Virtual network gateway or Route Server Select Use this virtual network's gateway or Route Server:
    - If you have a virtual network gateway deployed in this virtual network and want to allow traffic from the peered virtual network to flow through the gateway. For example, this virtual network may be attached to an on-premises network through a virtual network gateway. The gateway can be an ExpressRoute or VPN gateway. Selecting this setting allows traffic from the peered virtual network to flow through the gateway deployed in this virtual network to the on-premises network.
    - If you have a Route Server deployed in this virtual network and you want the peered virtual network to communicate with the Route Server to exchange routes. For more information, see Azure Route Server.

    If you select Use this virtual network's gateway or Router Server, the peered virtual network can't have a gateway configured. The peered virtual network must have the Use the remote virtual network's gateway or Route Server selected when setting up the peering from the other virtual network to this virtual network. If you leave this setting as None (default), traffic from the peered virtual network still flows to this virtual network, but can't flow through a virtual network gateway deployed in this virtual network. If the peering is between a virtual network (Resource Manager) and a virtual network (classic), the gateway must be in the virtual network (Resource Manager).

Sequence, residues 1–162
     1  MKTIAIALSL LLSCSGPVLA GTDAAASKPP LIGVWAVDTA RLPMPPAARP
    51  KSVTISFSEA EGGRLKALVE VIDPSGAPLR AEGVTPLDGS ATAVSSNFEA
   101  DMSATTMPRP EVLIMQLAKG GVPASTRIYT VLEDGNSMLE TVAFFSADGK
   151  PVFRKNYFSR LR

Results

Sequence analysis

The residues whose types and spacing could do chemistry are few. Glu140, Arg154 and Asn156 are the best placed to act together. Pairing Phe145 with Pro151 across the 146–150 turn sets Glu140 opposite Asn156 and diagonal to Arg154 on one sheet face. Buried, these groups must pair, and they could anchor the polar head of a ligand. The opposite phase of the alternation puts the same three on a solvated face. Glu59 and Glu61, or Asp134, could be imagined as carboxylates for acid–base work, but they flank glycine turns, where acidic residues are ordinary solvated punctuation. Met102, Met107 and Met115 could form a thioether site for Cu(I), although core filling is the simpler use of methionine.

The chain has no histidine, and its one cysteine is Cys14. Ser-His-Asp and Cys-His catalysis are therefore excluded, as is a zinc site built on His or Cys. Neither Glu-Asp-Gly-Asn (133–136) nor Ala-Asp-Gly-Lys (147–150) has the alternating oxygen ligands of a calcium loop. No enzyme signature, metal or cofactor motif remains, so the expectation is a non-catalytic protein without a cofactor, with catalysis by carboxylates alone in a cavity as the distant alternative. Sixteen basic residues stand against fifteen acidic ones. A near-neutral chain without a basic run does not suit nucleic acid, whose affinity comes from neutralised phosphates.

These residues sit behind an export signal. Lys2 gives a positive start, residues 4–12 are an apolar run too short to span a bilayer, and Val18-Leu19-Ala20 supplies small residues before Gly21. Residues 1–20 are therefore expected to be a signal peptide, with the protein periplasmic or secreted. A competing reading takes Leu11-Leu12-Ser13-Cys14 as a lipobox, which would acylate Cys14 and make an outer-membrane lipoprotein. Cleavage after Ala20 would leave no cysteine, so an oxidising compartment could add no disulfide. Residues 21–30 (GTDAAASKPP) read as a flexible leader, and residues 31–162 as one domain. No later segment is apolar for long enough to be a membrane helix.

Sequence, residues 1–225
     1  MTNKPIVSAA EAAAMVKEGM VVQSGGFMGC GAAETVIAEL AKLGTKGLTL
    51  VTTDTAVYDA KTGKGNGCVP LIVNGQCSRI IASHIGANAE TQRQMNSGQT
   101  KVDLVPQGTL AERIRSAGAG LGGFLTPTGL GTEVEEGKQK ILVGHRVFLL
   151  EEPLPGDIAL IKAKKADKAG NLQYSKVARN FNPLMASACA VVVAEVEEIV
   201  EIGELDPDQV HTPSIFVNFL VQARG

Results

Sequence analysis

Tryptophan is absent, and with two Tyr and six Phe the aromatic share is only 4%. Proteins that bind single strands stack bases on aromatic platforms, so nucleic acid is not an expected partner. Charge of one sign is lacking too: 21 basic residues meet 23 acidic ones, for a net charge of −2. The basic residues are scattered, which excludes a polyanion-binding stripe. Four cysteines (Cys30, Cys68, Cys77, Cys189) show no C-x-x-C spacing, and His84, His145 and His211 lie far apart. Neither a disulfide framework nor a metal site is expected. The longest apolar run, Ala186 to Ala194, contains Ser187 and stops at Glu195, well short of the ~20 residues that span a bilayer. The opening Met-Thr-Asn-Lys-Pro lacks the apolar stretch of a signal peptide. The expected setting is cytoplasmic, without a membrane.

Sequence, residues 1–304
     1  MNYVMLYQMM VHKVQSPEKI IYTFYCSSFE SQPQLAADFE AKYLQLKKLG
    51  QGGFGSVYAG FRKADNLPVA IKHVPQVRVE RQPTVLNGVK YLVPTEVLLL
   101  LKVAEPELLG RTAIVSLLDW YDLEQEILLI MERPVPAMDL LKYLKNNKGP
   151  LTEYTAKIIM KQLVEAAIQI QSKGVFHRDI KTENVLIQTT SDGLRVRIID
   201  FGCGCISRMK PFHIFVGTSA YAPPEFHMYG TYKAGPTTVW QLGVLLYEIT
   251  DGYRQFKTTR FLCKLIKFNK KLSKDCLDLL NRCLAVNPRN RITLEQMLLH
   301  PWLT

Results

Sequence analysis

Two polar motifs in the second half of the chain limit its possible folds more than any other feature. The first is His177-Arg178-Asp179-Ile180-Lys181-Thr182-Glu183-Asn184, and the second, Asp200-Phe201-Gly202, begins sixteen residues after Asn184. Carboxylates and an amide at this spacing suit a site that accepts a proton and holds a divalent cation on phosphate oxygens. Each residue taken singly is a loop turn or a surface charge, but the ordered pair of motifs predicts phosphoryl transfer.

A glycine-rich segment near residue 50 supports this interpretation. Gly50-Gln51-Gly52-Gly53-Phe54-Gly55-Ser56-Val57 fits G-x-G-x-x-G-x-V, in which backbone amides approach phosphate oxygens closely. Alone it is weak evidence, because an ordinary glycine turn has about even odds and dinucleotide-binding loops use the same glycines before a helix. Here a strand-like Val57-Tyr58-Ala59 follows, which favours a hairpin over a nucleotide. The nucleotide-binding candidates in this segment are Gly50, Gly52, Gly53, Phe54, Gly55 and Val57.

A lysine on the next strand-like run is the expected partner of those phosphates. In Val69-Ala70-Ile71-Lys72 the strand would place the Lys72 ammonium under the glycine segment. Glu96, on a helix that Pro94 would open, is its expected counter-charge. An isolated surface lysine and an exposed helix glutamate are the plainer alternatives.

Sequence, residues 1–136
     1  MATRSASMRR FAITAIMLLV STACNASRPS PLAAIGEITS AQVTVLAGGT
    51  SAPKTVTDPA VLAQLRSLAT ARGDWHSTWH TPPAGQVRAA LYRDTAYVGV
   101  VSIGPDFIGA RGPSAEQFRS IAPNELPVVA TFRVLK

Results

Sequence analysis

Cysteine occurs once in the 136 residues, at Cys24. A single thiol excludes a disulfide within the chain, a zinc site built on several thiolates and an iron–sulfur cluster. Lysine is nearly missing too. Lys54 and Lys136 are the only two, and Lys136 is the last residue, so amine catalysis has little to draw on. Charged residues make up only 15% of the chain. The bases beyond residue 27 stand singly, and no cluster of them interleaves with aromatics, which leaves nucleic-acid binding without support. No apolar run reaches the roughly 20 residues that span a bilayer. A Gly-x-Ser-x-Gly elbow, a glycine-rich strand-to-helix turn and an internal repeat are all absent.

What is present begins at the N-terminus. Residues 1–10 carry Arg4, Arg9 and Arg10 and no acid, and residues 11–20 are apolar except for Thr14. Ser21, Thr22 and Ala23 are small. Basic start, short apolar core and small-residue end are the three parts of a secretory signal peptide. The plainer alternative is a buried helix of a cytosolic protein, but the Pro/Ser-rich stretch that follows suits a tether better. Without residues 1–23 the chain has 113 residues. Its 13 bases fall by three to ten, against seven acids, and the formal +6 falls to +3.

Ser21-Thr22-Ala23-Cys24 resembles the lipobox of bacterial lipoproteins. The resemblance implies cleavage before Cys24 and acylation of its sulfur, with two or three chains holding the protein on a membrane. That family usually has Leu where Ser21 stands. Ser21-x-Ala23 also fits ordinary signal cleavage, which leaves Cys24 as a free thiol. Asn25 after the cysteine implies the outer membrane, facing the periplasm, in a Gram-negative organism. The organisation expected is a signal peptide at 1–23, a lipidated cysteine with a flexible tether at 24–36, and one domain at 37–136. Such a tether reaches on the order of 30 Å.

In addition to forwarding traffic to an on-premises network, a VPN gateway can forward network traffic between virtual networks that are peered with the virtual network the gateway is in, without the virtual networks needing to be peered with each other. Using a VPN gateway to forward traffic is useful when you want to use a VPN gateway in a hub (see the hub and spoke example described for Allow forwarded traffic) virtual network to route traffic between spoke virtual networks that aren't peered with each other. To learn more about allowing use of a gateway for transit, see Configure a VPN gateway for transit in a virtual network peering. This scenario requires implementing user-defined routes that specify the virtual network gateway as the next hop type. Learn about user-defined routes. You can only specify a VPN gateway as a next hop type in a user-defined route, you can't specify an ExpressRoute gateway as the next hop type in a user-defined route.

    Select Use the remote virtual network's gateway or Route Server:
    - If you want to allow traffic from this virtual network to flow through a virtual network gateway deployed in the virtual network you're peering with. For example, the virtual network you're peering with has a VPN gateway that enables communication to an on-premises network. Selecting this setting allows traffic from this virtual network to flow through the VPN gateway in the peered virtual network.
    - If you want this virtual network to use the remote Route Server to exchange routes. For more information, see Azure Route Server.